Monday, November 28, 2011

3408 Bah, humbug.

Monday, November 28, 2011

The ugliest furniture will be forgiven anything if it's comfortable and useful.
That goes for people, too.
-- Silk --


Need another reason why I don't much care for the way Christmas is celebrated? Try this.

They stepped over him!

Sunday, November 27, 2011

3407 Be thankful for refrigerators!

Sunday, November 27, 2011

The fastest way to drop ten years in appearance is to smile, and make sure the smile lines near your eyes show. Those are the most attractive wrinkles.
Show them.
-- Silk --


I am reading American Frugal Housewife, by Mrs. Child, "Dedicated to those who are not ashamed of economy." First published in 1833 by Carter, Hendee, and Co., Boston, now published by Applewood Books, Bedford, MA, publishers of America's Living Past.

Extensive passages on the preserving of meats and vegetables. When you read about how meats were packed in salt or brine, how long meats were kept (in a cool spot in the cellar), what a frugal housewife could do to freshen meat that was no longer "sweet", you wonder how they could EAT that stuff. And having eaten it, how they could live. And having eaten it and lived, how come their heads weren't blown off by their salt-induced blood pressure!

Most meats were cooked at a fast boil for hours and hours. I wondered how there could be any flavor left. Meat was then served slathered in butter - I guess because by the time it hit the table, it was dried out.

The other thing that struck me was how long vegetables were cooked. I don't see how anything was much more than unidentifiable mush.

We see the fireplaces in quaint colonial villages, and think about cooking over a fire as something like campfire cooking, but we don't have the faintest idea what was involved in getting the ingredients into the pot.

That part was seriously hairy.

3406 I guess I'm not a nice person.

Sunday, November 27, 2011

If you have a dark cat, have light carpeting, and vice-versa.
The shed hair might show up more, but so will a sleeping cat.
-- Silk --


I'm reading Dean Koontz's What the Night Knows (found it in a remainder bin). I'm about 2/3 through it, and already I'm hoping that the ending has the detective possessed and murdering his insufferable family and ending up raving mad in the state hospital he visited in the first chapter.

3405 Stupid

Sunday, November 27, 2011

It always amazes me to think that every house on every street is full of so many stories, so many triumphs and tragedies, and all we see are yards and driveways.
-- Glenn Close --


There are some Mensans who write compile and publish logical puzzle, brain teaser, and riddle books that are published with the Mensa logo and name on them. They're "approved and endorsed by" Mensa. I don't know what that means, whether anyone in authority ever read them, but I think many of them are an embarrassment to the organization.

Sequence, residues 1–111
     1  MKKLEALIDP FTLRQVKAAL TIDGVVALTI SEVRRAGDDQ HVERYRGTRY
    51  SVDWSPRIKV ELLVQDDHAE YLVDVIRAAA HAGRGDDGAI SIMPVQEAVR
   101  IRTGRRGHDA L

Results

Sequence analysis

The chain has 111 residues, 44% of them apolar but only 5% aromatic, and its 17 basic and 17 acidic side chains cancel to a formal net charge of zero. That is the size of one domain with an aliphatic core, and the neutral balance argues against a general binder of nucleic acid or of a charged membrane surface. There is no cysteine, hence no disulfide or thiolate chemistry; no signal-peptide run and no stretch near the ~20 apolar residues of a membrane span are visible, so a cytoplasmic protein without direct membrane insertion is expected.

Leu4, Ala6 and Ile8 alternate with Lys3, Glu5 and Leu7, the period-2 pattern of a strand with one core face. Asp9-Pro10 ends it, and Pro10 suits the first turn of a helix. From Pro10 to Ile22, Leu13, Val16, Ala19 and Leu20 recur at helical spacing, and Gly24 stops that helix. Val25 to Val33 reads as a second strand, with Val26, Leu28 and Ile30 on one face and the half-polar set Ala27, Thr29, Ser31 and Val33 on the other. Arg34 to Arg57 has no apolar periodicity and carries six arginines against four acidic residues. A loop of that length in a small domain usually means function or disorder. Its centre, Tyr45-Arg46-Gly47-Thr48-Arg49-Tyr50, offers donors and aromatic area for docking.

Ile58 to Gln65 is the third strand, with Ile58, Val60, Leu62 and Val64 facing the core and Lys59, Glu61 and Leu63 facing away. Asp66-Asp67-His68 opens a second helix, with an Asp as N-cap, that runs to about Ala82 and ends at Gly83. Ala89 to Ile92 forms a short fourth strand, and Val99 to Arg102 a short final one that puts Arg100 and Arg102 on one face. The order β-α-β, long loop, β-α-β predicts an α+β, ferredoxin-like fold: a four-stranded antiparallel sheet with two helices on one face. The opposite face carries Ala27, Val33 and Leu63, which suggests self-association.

When Jay was first diagnosed with the brain tumor, he was worried about losing logical function, so we bought some of those books to "test" him. We had planned to work through a bit every so often, and then maybe we'd be able to see or not see any loss of function, and it would be good mental exercise.

We got through maybe five pages in several books, and threw the damn things away. Puzzle after puzzle was poorly posed, so poorly posed that we came up with two or three possible answers that fit. For example, in one puzzle involving family relationships, the "answer" stated that blah blah blah, "because John was only 12 at the time and therefore cannot be the father." Duh? Many 12-year-olds are perfectly capable of fathering a child.

Others assumed without stating a 2-dimensional relationship, completely ignoring that fact that there were several other possible answers in 3-dimensions.

The books made us angry.

A few days ago, I found this: It bugged me, because it presents itself as a "Mensa test". It isn't. At best, it's a sampling of simple riddles from some of the books above, and repeats the sloppiness of those books. Yeah, it's a joke site, but ... really ....

I got so annoyed I tried to comment, but commenting required registering, and I don't register on any but commercial sites with good reputations (first step in avoiding spam and viruses).

And then today, a woman whom I know personally to be intelligent to the point of social disability posted some of the riddles on a Mensa social site.

My brain exploded.

Captain Frank and some of the boys were exchanging old war stories. Art Bragg offered one about how his grandfather led a battalion against a German division during World War I. Through brilliant maneuvers, he defeated them and captured valuable territory. After the battle he was presented with a sword bearing the inscription "To Captain Bragg for Bravery, Daring and Leadership. World War I. From the Men of Battalion 8." Captain Frank looked at Art and said, "You really don't expect anyone to believe that yarn, do you?"
What's wrong with the story?
The official answer: It's a lie. The inscription wouldn't have been "World War I".
My answer: There's nothing wrong with the story. "After" is not defined. The sword could have been presented at the 40th reunion of the battle/battalion.
How many times can you subtract the number 5 from 25?
The Official answer: Once. Thereafter, you are subtracting 5 from 20, 15, 10, etc.
My answer: An infinite number of times, and I get 20 every time.
There were an electrician and a plumber waiting in line for admission to the International Home Show," One of them was the father of the other's son. How could this be possible?
The Official answer: They were husband and wife.
My answer: If this confused you at all, you are very naive. They could still both be men. In any other joke, one of them would be a milkman. (Or, these days, they could be a gay couple who have adopted.)

Yeah, I understand that these examples are poor choices because they're "Ha! Gotcha!" riddles, whereas the brain teasers in the published books are much more serious - but I don't happen to have any of the serious ones at my fingertips. My objections, however, are the same. They don't consider other views or out-of-the-box thinking.